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rechargable spotlight

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stevenet150

New Member
I have a hand held rechargable spotlight and the resistor has failed and I can not read the colour code on it to replace it. It has a 6v 25w bulb and a 6v 2.3Vh battery can any one help me please,
 

Sceadwian

Banned
What resistor? There shouldn't be a resistor in a flashlight, there should be a switch going right to the bulb and the battery that's it. If it's rechargeable there may be a diode in there somewhere to prevent reverse connection of the charger but I can't see any reason there would be a resistor in there. Post a good photo so we can see what you're talking about.
 

stevenet150

New Member
Sorry but I am new to P.C's and I dont no how to send a photo, but the resistor? comes from the switch to the charger jack, I will find out how to send a photo and send it if you still need it, thanks.
 

Sceadwian

Banned
It's likley not a resistor steve. It's probably a diode.
 

ericgibbs

Well-Known Member
Most Helpful Member
Thanks for your help Sceadwian, can you tell me wot value diode I should get as a replacement please.
hi,
The cheaper chargers do use a resistor to limit the battery charge current, most seem to burn out after a while.
[Especially if you switch ON the lamp during charging!]

Without knowning the voltage from the charging transformer/rectifier, its difficult to guess the resistor value.

What does the charger 'label' say regarding the charge voltage.?
 
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Sceadwian

Banned
Really? Most cheap chargers I've seen just rely on the transformer rating to limit the charge rate.

Steve, pictures of your particular device particularly the component you think is burnt out are needed. We can't just guess.
 

ericgibbs

Well-Known Member
Most Helpful Member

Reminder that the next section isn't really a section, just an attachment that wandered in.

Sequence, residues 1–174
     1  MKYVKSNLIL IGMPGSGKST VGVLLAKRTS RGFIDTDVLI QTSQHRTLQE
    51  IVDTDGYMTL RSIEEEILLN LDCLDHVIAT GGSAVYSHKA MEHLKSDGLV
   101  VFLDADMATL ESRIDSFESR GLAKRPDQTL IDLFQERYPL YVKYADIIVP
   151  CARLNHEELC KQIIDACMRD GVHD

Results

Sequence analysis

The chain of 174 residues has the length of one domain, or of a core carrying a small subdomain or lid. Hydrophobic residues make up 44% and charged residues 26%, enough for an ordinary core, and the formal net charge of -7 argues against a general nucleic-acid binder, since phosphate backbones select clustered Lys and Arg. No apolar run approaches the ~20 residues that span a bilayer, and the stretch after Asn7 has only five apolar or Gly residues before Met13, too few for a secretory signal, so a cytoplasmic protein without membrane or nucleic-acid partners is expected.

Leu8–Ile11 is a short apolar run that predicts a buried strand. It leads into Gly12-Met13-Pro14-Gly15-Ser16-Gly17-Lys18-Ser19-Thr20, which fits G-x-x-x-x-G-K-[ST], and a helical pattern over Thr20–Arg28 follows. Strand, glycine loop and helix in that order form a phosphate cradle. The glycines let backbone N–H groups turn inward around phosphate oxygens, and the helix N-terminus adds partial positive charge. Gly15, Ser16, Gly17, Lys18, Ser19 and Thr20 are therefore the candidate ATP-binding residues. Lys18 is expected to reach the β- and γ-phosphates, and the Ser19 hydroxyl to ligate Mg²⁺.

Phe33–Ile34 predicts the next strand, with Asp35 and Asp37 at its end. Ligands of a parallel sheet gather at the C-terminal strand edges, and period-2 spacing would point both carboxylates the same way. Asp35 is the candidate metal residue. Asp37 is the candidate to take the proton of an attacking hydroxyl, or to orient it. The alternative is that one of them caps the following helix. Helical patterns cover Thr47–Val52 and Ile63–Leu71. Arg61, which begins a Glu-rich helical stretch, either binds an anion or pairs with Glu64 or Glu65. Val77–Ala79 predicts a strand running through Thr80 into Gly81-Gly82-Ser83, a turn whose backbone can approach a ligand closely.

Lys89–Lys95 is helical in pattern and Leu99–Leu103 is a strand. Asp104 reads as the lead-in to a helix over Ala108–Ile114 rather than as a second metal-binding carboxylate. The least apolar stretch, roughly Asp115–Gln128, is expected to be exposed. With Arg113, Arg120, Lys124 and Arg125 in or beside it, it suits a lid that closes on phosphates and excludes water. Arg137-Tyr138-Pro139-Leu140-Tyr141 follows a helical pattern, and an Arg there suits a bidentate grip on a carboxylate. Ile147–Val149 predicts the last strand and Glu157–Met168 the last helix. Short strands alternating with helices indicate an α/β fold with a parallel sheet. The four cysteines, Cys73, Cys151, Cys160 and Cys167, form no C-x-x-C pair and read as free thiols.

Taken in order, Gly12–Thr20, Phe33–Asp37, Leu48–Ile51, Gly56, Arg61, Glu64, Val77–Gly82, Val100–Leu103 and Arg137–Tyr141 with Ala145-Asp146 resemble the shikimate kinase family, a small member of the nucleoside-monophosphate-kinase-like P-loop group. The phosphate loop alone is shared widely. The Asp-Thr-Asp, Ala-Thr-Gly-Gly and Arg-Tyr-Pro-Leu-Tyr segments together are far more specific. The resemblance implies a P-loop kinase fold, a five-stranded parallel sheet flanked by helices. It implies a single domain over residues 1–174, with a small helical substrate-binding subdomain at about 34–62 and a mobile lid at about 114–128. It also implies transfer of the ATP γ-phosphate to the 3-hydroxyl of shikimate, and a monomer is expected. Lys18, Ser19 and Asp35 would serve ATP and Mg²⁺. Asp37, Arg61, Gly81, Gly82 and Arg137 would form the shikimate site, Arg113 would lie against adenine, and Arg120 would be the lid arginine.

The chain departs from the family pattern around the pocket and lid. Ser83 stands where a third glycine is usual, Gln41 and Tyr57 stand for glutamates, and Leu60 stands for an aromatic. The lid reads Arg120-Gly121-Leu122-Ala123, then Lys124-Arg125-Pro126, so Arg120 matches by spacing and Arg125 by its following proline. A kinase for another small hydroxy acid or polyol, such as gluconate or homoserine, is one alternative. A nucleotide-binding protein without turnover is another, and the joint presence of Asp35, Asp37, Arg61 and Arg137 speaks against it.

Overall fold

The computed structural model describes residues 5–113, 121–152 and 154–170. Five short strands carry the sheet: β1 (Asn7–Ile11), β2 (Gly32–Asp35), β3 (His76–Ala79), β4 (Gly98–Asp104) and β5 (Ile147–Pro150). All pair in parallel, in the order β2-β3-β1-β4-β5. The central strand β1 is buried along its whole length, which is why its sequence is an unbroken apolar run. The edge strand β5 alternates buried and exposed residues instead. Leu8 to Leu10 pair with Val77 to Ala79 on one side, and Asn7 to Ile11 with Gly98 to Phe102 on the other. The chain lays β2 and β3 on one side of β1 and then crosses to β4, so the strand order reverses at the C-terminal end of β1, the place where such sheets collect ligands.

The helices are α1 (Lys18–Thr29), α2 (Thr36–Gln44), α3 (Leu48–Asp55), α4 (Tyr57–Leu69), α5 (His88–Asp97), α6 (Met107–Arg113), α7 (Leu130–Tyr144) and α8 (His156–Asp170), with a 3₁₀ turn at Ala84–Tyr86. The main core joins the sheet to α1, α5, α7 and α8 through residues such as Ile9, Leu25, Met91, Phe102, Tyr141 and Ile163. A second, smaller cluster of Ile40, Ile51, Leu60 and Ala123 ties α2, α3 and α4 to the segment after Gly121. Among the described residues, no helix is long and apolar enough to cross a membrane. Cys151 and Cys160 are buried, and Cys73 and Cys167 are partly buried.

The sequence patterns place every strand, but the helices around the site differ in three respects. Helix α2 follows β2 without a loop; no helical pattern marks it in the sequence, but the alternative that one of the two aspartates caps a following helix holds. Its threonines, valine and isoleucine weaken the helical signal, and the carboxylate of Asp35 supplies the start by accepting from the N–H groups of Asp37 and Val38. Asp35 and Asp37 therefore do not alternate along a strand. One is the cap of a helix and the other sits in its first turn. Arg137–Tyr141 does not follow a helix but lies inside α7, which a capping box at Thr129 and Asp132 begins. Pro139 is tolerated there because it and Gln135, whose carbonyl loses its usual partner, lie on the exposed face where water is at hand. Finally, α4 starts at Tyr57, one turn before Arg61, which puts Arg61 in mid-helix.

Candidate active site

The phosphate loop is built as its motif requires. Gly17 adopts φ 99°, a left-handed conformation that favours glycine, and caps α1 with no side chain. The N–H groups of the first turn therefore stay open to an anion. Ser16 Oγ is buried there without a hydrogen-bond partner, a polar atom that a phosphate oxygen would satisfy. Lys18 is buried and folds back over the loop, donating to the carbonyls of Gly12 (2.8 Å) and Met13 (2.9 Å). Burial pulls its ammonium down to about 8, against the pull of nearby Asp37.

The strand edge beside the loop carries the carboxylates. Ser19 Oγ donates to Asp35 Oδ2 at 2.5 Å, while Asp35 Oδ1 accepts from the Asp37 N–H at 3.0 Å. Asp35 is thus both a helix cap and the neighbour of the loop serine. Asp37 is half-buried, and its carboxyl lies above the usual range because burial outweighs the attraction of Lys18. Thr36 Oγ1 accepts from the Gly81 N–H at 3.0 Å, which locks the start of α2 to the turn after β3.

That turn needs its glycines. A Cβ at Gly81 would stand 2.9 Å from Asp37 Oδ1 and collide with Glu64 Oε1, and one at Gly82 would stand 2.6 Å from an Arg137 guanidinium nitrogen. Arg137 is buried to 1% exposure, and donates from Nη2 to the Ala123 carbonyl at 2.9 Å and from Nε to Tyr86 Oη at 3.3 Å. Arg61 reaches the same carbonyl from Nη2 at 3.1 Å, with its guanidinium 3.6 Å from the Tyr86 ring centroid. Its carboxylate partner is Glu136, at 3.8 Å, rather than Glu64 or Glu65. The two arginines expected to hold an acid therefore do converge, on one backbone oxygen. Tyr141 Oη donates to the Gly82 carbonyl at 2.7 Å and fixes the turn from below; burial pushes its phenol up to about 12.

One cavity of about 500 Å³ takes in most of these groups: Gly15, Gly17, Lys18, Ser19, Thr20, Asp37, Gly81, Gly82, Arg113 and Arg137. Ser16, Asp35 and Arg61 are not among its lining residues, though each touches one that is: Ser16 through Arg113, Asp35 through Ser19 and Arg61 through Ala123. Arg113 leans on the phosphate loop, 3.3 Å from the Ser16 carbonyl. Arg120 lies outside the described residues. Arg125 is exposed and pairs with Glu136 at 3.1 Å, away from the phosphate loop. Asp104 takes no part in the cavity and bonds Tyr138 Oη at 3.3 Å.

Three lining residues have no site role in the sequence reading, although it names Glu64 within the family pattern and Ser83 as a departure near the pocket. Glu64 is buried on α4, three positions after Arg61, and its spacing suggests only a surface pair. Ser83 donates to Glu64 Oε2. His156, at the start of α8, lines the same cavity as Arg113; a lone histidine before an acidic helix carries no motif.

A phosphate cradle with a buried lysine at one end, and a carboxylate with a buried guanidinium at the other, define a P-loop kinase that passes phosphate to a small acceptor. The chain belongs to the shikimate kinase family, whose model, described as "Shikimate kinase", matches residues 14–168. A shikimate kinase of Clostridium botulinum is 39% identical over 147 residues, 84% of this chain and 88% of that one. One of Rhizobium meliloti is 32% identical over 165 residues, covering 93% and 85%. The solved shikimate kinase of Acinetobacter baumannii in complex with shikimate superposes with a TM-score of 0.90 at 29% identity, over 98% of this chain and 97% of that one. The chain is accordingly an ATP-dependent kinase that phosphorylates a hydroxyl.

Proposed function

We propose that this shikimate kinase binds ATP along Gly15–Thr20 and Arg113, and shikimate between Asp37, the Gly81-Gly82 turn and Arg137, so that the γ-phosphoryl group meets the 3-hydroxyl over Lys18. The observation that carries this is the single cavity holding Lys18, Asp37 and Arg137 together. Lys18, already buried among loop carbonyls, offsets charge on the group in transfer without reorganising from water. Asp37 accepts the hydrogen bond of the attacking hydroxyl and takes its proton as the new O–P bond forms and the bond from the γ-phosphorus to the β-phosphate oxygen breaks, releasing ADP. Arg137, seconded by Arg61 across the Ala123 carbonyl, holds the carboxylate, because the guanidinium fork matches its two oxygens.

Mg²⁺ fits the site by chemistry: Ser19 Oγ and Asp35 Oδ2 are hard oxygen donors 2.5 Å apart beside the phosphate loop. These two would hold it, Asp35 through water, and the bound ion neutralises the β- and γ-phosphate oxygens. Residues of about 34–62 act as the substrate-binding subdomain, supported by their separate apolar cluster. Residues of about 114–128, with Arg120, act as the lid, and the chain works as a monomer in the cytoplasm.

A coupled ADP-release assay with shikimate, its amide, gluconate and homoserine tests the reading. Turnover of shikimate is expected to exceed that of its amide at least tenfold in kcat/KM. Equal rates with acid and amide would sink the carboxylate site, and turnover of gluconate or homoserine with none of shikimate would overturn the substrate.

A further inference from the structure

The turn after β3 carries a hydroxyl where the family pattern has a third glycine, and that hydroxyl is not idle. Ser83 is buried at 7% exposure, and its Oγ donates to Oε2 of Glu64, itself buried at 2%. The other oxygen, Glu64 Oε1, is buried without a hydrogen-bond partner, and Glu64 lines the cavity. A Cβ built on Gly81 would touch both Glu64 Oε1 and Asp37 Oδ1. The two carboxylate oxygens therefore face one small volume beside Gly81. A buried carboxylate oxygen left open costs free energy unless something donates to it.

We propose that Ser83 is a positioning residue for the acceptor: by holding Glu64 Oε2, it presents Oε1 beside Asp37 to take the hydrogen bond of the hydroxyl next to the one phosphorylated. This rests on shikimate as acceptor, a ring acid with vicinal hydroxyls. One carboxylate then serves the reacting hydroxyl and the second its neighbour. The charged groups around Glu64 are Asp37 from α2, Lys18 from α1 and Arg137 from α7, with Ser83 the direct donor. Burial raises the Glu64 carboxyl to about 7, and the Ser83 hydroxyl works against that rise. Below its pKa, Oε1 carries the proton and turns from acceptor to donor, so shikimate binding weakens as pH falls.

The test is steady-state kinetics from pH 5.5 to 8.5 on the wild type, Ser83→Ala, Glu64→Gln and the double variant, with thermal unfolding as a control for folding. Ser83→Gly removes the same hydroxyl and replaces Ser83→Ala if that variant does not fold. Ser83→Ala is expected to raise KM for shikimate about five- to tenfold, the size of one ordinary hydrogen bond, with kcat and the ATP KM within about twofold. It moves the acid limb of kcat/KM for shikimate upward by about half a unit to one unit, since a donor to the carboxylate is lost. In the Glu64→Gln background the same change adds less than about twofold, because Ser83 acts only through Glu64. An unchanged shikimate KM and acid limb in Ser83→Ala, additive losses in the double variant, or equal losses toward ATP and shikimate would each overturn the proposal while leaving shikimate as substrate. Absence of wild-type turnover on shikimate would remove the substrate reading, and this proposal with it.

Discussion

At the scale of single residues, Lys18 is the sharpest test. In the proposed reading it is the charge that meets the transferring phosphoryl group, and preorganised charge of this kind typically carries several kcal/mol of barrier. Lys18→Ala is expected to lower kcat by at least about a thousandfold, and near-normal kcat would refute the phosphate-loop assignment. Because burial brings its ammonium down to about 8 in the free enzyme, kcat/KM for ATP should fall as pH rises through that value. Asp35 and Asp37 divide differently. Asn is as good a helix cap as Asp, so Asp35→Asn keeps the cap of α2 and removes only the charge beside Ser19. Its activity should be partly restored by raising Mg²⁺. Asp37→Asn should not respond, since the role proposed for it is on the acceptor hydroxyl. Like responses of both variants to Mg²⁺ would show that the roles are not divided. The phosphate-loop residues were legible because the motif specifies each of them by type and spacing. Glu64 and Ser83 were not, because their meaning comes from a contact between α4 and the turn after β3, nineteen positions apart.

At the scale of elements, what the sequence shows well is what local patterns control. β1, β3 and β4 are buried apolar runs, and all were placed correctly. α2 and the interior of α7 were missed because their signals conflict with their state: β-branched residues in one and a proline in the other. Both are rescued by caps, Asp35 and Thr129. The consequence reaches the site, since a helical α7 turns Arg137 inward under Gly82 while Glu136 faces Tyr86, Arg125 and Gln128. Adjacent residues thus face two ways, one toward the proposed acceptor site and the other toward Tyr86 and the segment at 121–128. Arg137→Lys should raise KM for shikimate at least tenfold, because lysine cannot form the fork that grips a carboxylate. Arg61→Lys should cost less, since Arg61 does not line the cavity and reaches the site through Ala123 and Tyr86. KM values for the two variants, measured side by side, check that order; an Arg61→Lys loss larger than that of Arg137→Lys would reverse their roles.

Really? Most cheap chargers I've seen just rely on the transformer rating to limit the charge rate.

Steve, pictures of your particular device particularly the component you think is burnt out are needed. We can't just guess.
Ive had to modify some lamps, added a Vreg, gives a faster more reliable charge than a series resistor.

Some actually use a 12Vdc wart via an internal resistor to charge the 6V battery!!
 

rmn_tech

Member
I have repaired a few of these for a firm that I do work for and have found that 10Ω 5W do the job and are better than the underrated 2W resistor that these cheaper torches usually contain.
 

ericgibbs

Well-Known Member
Most Helpful Member
Hi again, the charger has output value of 12V 500mA 6VA, sorry to be a pain but I use my lamp for my phography.
I would fit a 10R 5W as 'rmn' suggests'.

Your local Maplin store may have one in stock.
 
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Sceadwian

Banned
Guess I was wrong again =) Just seems like a silly (and poor) way to make a charger. I hate seeing stuff like that in commercial products.

Reminds me of your typical cordless phone, the ones that use NiCads and constantly trickle charge them when they're on the hook, usually last about 1 day off the charger and go bad inside 6 months from memory effect on the Nicads. Finally bought a decent (still inexpensive) Panasonic cordless set they last 2-4 days off the charger and at a year and a half old they still hold a full charge. Better yet the battery pack is a simple frame around 2 AAA NIMHs so when they do finally age down replacing them will take less than a minute.
 
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ericgibbs

Well-Known Member
Most Helpful Member
Guess I was wrong again =) Just seems like a silly (and poor) way to make a charger. I hate seeing stuff like that in commercial products.

Reminds me of your typical cordless phone, the ones that use NiCads and constantly trickle charge them when they're on the hook, usually last about 1 day off the charger and go bad inside 6 months from memory effect on the Nicads. Finally bought a decent (still inexpensive) Panasonic cordless set they last 2-4 days off the charger and at a year and a half old they still hold a full charge. Better yet the battery pack is a simple frame around 2 AAA NIMHs so when they do finally age down replacing them will take less than a minute.
There usually is space to fit a 7805, with a couple of voltage level adjust resistors to give about 6.9V charge voltage from the 12Vdc wart.

This arrangement charges the battery faster and completely.
 
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